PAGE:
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Welcome to our interview with Nick Hughes. Nick is the creator of Founders Live with business achievements in social media, digital payments, and e-commerce. He excels at interpersonal leadership, communication, business and product development.
In addition to creating the global entrepreneur network Founders Live, Nick stays busy as an advisor to numerous startups and occasionally takes positions in sales or biz dev roles if needed. Previously he founded the mobile payment startup Seconds as well as helping start Coinme, a company built around expanding bitcoin and digital transactions into the physical realm via Bitcoin ATM’s. As a sought-after adviser, entrepreneurial speaker and writer with guest appearances on popular technology and media outlets, Nick enjoys helping others discover their unique entrepreneurial path.
Welcome to this forum Nick, and thank you for contributing to the questions that are at the heart of Exploring Forward Thinking Workplaces 2.0.
Exploring the Forward Thinking Workplace with Nick Hughes
Q1: How can we create workplaces where every voice matters, everyone thrives and finds meaning, and change and innovation happen naturally?
It starts from valuing transparency and communication within the organization. If you think about the basis of your question, it’s frankly around, do people feel their voice matters? That definitely comes from the leadership that institutes values that are baked into what it means to be an employee of that organization.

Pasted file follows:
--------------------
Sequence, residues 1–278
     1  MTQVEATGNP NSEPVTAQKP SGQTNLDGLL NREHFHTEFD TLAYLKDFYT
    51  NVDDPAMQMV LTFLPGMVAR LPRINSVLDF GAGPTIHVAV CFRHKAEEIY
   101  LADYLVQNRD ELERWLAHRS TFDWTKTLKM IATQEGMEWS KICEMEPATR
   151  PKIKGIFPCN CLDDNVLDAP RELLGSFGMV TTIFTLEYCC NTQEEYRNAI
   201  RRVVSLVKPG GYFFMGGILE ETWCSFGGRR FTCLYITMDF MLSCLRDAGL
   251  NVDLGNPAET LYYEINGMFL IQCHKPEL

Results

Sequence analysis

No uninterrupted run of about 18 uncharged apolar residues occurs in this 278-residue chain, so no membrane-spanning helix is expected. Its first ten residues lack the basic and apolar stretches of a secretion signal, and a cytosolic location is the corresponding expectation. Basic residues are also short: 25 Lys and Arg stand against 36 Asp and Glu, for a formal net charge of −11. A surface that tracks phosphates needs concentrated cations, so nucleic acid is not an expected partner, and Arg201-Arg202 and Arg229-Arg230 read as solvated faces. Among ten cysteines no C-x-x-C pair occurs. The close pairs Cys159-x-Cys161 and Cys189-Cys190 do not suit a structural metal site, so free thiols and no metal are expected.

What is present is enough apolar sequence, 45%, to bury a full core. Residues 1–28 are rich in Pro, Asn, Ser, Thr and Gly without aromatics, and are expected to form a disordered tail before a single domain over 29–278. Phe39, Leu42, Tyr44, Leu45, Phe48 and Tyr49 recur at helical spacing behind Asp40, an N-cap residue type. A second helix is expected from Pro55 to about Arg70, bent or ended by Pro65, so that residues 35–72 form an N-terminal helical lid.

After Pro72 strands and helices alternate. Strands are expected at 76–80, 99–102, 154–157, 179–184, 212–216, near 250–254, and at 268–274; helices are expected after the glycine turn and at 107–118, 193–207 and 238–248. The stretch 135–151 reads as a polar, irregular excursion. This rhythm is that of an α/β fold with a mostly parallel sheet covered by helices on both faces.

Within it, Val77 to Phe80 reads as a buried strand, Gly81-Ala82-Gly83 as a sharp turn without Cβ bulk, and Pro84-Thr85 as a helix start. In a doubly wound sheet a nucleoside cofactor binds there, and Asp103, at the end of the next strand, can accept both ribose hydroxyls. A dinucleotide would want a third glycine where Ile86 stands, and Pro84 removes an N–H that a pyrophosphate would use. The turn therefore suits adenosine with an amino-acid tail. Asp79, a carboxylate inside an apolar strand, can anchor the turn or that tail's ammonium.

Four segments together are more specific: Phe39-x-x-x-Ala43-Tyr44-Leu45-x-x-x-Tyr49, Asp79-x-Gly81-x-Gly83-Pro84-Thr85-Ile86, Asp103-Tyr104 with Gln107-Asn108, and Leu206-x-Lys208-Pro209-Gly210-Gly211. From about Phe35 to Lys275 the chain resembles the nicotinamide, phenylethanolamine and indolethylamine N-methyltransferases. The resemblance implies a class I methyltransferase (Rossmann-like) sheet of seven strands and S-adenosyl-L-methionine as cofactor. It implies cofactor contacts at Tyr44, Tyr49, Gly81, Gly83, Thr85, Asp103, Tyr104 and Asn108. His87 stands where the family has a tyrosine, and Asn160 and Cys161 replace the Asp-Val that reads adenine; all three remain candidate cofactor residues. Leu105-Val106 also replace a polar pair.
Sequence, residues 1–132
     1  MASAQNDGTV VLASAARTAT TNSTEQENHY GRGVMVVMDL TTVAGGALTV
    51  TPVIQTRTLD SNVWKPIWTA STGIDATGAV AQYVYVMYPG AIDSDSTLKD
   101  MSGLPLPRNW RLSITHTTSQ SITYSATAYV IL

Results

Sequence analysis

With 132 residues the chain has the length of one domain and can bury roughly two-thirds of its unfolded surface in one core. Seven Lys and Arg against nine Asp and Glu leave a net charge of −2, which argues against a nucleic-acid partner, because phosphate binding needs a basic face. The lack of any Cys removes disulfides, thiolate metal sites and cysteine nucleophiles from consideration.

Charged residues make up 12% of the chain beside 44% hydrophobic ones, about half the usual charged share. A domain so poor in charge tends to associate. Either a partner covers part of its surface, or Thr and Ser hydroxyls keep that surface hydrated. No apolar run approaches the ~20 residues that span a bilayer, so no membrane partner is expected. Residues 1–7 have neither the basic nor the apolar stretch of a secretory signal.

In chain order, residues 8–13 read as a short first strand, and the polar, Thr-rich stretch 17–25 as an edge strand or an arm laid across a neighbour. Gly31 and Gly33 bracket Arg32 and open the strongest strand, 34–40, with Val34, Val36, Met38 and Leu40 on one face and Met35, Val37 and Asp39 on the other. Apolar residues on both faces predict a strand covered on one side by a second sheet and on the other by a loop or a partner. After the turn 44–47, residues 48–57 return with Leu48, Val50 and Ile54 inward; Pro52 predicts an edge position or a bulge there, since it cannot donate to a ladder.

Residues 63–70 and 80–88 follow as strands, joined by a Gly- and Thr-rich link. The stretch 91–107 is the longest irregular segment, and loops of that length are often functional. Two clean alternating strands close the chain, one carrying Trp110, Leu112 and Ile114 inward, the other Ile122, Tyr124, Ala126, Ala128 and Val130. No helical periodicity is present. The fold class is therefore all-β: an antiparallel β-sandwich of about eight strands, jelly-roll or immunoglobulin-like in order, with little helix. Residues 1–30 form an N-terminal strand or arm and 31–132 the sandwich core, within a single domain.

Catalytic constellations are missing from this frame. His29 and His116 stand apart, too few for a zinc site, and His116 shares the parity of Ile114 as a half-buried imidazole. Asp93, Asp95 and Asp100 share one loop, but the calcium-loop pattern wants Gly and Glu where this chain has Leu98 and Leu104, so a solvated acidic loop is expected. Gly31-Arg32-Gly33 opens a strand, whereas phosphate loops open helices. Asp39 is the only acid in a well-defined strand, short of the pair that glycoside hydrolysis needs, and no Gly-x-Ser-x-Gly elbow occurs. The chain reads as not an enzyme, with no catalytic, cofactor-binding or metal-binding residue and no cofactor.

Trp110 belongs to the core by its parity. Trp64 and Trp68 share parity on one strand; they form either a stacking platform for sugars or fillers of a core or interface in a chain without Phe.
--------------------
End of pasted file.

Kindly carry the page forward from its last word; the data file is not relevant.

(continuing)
It also revolves around the DNA of the organization. From leadership down, what it means to be a member of that organization? How does their voice matter and are they heard? I think communication and the methods of communication implemented throughout the organization are very important.
For example, weekly touch point and all-hands meetings. Even large tech companies still do town hall or all-hands meetings that may be viewed or listened to virtually. But people are gathering where the CEO and/or leaders are open to addressing and answering questions in a very honest, open, and authentic way. Those are just some examples of how you can bake those types of experiences into the organization providing a mechanism to recognize voices.
What’s interesting is when having an open idea forum fosters innovation within the organization. Let’s say a junior employee brings ideas to the table that end up being implemented and become a revenue-generating new feature or product. If we recognize them as the original idea generator for this new feature that now publicly known, then recognizing people for something like that goes a long way in having voices heard.
Q2: What does it take to get an employee’s full attention and best performance?
It’s funny you ask that question because if you think about the scenario I described, which is when people have new ideas and bring an idea to the table, the worst thing is to have the leadership or others take that idea get credit for it.